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Re: Radiation lesson

> From: Wright Huntley <jwwiii at pacbell_net>
> Subject: Radiation lesson.
> Electromagnetic radiation comes in lots of useful forms. 
> The kind most used for sterilizing is usually called ionizing radiation. That
> can be anything from visible light and UV through soft to hard x-rays. While
> capable of inducing serious chemical changes, and certainly of destroying
> living tissue (right dose and wavelengths),

	The shorter the wavelength, the more the ionisation, because each
photon has more energy.  This refers to electromagnetic radiation.

> Particle bombardment with neutrons and electrons (alpha and beta "rays") 

	Alpha particles are helium nuclei.  Neutrons aren't ionising
themselves, _but_...

> penetrate some materials and can cause residual radioactivity if they actually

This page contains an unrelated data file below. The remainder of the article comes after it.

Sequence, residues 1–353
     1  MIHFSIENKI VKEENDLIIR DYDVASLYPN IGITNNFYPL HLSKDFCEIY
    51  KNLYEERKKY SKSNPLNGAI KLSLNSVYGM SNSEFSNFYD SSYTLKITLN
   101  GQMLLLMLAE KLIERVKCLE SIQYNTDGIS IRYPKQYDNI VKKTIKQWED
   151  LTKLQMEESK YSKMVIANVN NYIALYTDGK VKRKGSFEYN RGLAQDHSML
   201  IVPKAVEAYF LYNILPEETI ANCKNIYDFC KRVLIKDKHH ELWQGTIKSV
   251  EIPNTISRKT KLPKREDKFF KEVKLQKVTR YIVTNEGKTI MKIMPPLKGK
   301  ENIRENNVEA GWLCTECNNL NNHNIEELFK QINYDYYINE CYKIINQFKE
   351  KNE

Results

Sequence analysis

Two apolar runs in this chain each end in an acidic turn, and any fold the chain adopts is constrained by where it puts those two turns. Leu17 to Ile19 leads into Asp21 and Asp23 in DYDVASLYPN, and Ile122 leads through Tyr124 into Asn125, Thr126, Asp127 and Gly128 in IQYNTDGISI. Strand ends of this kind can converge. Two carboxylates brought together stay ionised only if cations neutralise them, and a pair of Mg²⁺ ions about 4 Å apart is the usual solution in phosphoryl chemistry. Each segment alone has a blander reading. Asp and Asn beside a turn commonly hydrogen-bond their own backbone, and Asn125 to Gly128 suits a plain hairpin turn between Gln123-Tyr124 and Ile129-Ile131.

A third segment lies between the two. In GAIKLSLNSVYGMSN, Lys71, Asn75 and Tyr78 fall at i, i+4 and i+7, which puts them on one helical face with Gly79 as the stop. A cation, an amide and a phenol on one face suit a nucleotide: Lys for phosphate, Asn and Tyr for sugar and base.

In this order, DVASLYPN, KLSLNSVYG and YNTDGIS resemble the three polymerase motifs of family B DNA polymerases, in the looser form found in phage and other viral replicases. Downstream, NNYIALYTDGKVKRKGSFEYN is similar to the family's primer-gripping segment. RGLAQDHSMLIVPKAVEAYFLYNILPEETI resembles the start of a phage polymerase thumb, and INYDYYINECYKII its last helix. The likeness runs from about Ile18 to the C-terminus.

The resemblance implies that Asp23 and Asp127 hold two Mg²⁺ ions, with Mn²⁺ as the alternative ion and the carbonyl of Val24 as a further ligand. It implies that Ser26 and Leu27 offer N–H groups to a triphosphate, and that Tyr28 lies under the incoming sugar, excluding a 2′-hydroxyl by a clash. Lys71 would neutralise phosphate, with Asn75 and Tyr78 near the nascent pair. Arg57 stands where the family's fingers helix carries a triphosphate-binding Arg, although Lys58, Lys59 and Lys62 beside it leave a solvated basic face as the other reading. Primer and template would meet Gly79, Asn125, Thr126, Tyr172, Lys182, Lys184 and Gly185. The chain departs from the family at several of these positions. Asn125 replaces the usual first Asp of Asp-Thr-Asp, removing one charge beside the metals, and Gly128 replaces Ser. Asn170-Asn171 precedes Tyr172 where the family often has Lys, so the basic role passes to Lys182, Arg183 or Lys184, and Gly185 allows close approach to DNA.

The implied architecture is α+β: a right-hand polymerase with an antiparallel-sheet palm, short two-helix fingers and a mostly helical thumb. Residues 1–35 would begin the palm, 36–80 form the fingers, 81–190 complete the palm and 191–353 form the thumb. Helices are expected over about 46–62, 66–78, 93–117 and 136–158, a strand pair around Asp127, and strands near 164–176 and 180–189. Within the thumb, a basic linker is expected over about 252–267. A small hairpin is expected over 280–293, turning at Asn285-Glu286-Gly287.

> split atoms into unstable isotopes.

	Neutrons can cause fission of uranium, thorium and plutonium (if you
hit the right isotope).  They are readily absorbed by _lots_ of other elements,
causing the formation of a higher mass number isotope of the same element.
_That_ may well be unstable (usually a beta emitter).  The phenomenon is
very useful for analytical purposes - I've used it.

> The kind used for killing salmonella in
> ground beef is most unlikely to ever do that. It takes a pretty big
> accelerator.

	Usually pretty hard gamma rays from very high energy electrons.
Anything that kills bacteria is going to finish off the plants, I think.

Paul Sears        Ottawa, Canada